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Amelia Boynton Robinson Receives an Award from the Republic of San Marino

May 10, 2015 (EIRNS)—Liliana Gorini, chairwoman of Movisol, LaRouche’s movement in Italy, visited the Republic of San Marino May 8 to receive an award for Amelia Boynton Robinson, the heroine of civil rights recently celebrated in the movie "Selma," from the Secretary of Culture of the San Marino government, Giuseppe Maria Morganti. During the brief ceremony in the government building, which appeared on prime time TV that evening, the Minister of Culture remembered meeting Amelia Boynton Robinson in San Marino in 2002, when she was received by the reggenti (governors). In giving Gorini the ceramic plate hand made by the Cooperativa il Libeccio, in the tradition of the ancient ceramics of San Marino, he read the silver inscription on the back:

"The Republic of San Marino to Amelia Robinson, angel of civil rights, who fought next to Martin Luther King for equal rights in America, in order to emphasize the friendship which unites us with her since November 2002 when she visited the Capitani Reggenti."

Gorini gave the secretary Robinson’s autobiography in Italian, Un Ponte sul Giordano (Bridge over Jordan), and read her message of acceptance (see below).

RTV San Marino had interviewed Gorini about Amelia Boynton Robinson and her many visits to San Marino and Italy, and that evening, during the 7:30 prime time news, RTV aired the following report, starting off with Gorini saying: "Her message to the youth here in Italy was never to despair, to have faith in ideas and fight for them and to never give in to hate."

The reporter then shows recent photos of Amelia Boynton Robinson, and also the famous one of her left for dead after the police riot on the Edmund Pettus Bridge during the Bloody Sunday march on March 7, 1965, and comments:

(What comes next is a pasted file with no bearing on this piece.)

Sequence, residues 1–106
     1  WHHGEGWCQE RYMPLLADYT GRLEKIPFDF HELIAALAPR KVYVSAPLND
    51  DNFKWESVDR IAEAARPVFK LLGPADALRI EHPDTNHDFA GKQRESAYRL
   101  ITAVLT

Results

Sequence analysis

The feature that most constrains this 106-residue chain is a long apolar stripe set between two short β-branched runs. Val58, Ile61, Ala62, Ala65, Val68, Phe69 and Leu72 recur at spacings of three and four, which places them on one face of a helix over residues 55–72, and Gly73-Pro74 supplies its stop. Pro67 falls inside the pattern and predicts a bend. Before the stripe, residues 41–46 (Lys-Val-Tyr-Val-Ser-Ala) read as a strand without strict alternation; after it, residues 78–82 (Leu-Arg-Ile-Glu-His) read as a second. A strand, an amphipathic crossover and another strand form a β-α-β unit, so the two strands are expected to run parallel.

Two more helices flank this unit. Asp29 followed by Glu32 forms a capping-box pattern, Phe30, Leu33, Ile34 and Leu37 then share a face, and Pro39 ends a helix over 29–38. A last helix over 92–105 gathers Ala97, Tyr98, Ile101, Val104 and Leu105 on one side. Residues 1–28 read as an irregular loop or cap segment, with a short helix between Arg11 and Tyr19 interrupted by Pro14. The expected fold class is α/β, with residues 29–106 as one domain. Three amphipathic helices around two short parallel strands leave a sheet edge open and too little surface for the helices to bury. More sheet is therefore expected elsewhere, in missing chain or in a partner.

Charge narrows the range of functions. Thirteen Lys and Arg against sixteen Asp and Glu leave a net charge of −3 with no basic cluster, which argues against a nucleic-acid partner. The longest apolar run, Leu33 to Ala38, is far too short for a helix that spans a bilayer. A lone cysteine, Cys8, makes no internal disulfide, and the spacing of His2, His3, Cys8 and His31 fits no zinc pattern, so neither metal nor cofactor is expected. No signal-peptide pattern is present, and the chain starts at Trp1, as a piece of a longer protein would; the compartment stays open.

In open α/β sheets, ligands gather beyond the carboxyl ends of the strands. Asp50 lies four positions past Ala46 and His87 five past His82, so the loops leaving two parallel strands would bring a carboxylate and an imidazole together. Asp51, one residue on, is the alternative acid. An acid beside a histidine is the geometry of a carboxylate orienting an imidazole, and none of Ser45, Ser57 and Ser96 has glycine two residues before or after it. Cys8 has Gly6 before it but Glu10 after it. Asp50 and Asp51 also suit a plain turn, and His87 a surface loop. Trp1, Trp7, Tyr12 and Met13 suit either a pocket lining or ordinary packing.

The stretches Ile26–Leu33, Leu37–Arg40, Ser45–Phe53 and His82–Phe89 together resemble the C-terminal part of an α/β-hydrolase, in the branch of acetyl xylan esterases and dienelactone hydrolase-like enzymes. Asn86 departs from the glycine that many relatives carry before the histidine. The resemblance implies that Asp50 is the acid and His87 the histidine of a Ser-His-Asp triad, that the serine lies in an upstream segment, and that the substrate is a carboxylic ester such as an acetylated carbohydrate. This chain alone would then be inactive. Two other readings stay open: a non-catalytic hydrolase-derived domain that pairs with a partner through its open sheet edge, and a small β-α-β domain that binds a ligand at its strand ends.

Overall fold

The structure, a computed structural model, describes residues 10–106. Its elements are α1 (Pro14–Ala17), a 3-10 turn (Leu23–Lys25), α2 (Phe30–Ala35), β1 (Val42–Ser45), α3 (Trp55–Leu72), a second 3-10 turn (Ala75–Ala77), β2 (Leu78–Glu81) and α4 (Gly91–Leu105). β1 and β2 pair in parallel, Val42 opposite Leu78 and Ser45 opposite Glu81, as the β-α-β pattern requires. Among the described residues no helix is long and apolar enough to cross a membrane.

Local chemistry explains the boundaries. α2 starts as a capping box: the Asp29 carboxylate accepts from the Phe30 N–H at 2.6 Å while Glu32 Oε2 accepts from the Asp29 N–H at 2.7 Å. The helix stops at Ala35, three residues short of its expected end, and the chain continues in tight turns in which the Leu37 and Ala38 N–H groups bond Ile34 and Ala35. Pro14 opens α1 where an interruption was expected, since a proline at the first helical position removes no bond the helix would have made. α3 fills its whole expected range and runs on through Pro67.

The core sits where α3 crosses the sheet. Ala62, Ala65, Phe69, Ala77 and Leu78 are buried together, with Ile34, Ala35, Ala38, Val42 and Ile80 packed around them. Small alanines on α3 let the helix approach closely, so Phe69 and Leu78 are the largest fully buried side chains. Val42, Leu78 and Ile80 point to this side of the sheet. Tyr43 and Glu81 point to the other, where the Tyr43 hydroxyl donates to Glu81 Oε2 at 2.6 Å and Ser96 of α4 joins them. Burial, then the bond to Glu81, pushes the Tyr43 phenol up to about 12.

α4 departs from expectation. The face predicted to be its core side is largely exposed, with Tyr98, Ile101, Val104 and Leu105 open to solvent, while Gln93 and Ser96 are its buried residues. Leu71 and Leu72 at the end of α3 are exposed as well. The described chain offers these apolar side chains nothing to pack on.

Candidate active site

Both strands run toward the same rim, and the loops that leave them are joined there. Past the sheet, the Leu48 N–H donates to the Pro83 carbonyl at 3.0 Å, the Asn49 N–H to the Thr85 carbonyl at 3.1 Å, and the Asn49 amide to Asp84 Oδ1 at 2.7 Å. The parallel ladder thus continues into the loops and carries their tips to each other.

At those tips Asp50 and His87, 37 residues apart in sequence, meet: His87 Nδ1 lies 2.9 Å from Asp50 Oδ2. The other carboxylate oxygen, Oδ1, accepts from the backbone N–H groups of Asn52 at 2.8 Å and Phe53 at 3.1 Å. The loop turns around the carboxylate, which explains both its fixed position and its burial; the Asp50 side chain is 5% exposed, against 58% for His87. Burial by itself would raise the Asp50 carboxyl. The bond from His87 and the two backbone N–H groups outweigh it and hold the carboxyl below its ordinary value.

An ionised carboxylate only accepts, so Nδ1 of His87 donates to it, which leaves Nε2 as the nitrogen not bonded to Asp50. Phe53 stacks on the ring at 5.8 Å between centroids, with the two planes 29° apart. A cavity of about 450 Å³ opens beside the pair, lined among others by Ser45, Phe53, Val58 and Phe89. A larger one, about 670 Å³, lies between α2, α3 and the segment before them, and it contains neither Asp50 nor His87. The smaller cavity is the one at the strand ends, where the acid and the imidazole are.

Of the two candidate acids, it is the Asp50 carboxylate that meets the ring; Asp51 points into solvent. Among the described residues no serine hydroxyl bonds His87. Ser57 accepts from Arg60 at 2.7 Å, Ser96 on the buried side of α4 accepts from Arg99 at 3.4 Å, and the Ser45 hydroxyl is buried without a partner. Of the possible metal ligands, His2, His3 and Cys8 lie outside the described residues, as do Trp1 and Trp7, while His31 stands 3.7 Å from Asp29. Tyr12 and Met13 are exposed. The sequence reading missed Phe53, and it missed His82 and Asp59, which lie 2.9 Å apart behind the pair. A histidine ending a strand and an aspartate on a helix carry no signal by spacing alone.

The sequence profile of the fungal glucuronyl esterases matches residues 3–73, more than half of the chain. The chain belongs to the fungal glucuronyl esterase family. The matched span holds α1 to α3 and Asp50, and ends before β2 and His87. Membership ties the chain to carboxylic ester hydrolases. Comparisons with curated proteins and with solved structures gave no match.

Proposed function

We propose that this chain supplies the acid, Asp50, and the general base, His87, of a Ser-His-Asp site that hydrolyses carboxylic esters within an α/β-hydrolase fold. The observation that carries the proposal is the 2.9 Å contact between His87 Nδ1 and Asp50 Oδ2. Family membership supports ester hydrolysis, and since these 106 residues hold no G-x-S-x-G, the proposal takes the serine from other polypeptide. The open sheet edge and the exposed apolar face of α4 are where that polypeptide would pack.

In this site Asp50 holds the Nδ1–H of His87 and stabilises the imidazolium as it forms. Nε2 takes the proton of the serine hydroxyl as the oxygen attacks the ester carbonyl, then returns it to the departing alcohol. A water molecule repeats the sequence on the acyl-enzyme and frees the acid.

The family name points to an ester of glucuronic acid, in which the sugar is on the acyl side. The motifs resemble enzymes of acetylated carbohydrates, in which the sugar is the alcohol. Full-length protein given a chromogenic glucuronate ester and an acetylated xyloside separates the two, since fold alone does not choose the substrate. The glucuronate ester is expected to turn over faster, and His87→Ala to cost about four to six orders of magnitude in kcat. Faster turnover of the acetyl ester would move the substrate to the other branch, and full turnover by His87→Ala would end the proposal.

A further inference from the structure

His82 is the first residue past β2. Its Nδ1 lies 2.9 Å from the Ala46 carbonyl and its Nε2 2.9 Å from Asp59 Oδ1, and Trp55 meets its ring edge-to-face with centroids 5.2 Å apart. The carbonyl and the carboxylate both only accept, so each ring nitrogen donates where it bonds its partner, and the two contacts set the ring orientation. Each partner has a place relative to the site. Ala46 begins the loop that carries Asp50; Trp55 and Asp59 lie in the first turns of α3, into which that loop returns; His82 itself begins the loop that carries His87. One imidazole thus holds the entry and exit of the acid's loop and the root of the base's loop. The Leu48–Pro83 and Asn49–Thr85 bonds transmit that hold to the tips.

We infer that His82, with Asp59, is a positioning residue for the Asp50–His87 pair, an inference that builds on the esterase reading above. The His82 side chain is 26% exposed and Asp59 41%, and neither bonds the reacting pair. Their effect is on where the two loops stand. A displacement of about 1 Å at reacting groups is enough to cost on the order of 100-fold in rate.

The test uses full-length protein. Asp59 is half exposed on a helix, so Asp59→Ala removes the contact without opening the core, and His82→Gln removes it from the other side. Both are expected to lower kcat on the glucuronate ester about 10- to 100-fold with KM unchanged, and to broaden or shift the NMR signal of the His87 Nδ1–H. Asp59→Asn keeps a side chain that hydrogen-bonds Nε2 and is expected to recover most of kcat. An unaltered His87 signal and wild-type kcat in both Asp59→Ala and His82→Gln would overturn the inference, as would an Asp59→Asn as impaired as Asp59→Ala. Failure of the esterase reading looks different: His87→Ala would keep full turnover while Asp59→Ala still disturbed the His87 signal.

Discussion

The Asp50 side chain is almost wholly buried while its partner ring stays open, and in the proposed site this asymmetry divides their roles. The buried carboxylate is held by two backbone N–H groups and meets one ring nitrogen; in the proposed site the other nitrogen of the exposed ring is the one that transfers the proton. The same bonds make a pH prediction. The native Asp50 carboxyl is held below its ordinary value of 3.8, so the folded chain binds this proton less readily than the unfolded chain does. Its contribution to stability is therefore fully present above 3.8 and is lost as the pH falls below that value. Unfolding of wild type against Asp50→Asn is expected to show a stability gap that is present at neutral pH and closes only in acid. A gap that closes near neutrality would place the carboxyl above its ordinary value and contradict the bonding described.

"This is the lesson of Amelia Boynton Robinson, charismatic leader with Martin Luther King of the Afro-American civil rights movement, since the marches from Selma to Montgomery in 1965. Liliana Gorini, chairwoman of the Movimento Solidarietà knows her well, and she will make sure she receives the ceramic plate made by hand by the cooperative Libeccio, and donated by Culture Secretary Morganti. Amelia Robinson is 103 but her commitment goes on. In a message of acceptance she emphasized, ‘let them know that what they did, that we are trying to carry it on now—so they are a part of what we are doing here, now.’

Asked about Boynton Robinson’s view on the danger of war, Gorini reminded viewers that last time she visited Italy she "denounced very strongly Bush’s attempt to start a war with Iran" and that "now she has endorsed an international petition of the Schiller Institute against sanctions towards Russia and for cooperation with the BRICS." Here is the link of the report and interview in Italian: http://www.smtvsanmarino.sm/video/cultura/san-marino-omaggio- amelia-robinson-eroina-lotta-diritti-civili-08-05-2015.

Statement of Amelia Boynton Robinson in Acceptance of the Award from San Marino

Dennis Speed: The people in Italy, in San Marino have given you this award, Amelia, because they love you, and because of what you did when you went to Italy, so I think that they will be very grateful for what you are doing now.

Amelia Boynton Robinson: Well, I very much appreciate it, I accept it, and I would like to let them know that what they have done, through what I have done since I have been back in the United States, that the goodness that they had there, was transferred here, and I appreciate it so much. So the goodness in me, which caused me to help people get registered to vote for the first time [in Selma, Alabama, from 1930 to 1965] and the Village of Hope which is going on now, that it is because of what they gave me, and what I gave them. But let them know that what they did, that we are trying to carry it on now—so they are a part of what we are doing here, now.

Dennis Speed: That’s great. That’s beautiful. We will tell them.